Retaliation is thus not inherently moral or immoral. Used carefully against militant targets, it can create periods of calm that may facilitate a negotiated settlement that would be impossible during periods of heavy bloodshed. As John Bew has shown in the case of the Irish Republican Army vs. the UK Government, accepting peace negotiations during fighting can actually embolden militants by appearing weak, encouraging further violence. Faced with escalation, a leader may thus have few other choices but to retaliate in the hope of creating a period of calm. Critically, this would be true regardless of whom one might blame for an individual round of escalation or for initiating a feud in the first place. Not to retaliate might in fact be the immoral choice if it ended up prolonging a conflict. In the end, though, Jesus and Tevye are right. Retaliation itself will not bring lasting peace and does run the risk of further escalation if applied improperly (e.g. against civilians at any time or using disproportionate force during periods of relative calm) or without the necessary commitment and capability. Retaliation can be used as a step toward peace, however, and such use is deeply moral.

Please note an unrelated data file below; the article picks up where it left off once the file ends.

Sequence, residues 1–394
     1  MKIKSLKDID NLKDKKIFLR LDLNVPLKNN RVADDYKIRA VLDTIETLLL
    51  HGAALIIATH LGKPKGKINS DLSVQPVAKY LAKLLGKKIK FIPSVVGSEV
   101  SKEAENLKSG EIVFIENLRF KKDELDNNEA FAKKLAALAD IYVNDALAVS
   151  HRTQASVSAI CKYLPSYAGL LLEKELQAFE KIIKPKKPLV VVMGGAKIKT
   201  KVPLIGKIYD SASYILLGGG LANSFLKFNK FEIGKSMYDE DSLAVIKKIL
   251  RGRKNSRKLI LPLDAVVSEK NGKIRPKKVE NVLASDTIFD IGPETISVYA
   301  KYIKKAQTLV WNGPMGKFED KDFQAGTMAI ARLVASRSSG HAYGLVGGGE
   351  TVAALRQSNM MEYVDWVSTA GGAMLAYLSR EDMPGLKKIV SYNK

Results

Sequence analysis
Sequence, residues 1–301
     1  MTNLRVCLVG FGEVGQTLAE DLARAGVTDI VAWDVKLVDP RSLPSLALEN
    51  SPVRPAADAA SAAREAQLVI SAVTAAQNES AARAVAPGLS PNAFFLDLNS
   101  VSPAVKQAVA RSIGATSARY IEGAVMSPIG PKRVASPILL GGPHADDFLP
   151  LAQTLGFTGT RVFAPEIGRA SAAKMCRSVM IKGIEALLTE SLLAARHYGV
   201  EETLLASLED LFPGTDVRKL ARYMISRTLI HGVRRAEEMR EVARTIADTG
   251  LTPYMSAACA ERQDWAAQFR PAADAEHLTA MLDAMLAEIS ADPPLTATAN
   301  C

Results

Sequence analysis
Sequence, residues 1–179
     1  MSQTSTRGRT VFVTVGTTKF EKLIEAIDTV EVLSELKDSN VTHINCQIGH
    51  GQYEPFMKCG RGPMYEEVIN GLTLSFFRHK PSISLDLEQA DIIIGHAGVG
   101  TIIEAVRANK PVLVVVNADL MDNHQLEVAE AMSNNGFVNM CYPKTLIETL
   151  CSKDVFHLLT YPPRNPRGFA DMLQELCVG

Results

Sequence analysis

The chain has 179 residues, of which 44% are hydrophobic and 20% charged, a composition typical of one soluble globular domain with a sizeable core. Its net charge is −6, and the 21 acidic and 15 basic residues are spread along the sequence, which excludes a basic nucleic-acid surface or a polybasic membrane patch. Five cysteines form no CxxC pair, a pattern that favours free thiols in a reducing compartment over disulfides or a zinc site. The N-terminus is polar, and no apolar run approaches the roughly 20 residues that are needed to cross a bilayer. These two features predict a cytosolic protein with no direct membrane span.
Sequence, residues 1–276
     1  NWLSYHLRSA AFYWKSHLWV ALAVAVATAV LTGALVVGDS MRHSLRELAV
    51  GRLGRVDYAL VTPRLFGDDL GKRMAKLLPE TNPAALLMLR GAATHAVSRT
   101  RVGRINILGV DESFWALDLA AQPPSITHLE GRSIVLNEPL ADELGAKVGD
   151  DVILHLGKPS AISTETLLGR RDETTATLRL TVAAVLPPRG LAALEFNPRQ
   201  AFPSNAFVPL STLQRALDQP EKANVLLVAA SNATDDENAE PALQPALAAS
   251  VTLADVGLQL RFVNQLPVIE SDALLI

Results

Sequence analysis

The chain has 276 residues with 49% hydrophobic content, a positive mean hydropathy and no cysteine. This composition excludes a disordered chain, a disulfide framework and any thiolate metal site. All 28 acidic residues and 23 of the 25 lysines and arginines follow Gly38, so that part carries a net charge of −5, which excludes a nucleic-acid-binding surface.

1. Toameh, Khaled Abu. “Hamas Crackdown on Islamic Jihad Rocket Squads Raises Tenstions in Gaza. Hamas: Some Palestinian Parties Trying to Create an Excuse for Israel to Resume Its Aggression.” The Jerusalem Post. March 11, 2009, sec. News. Nexis UK.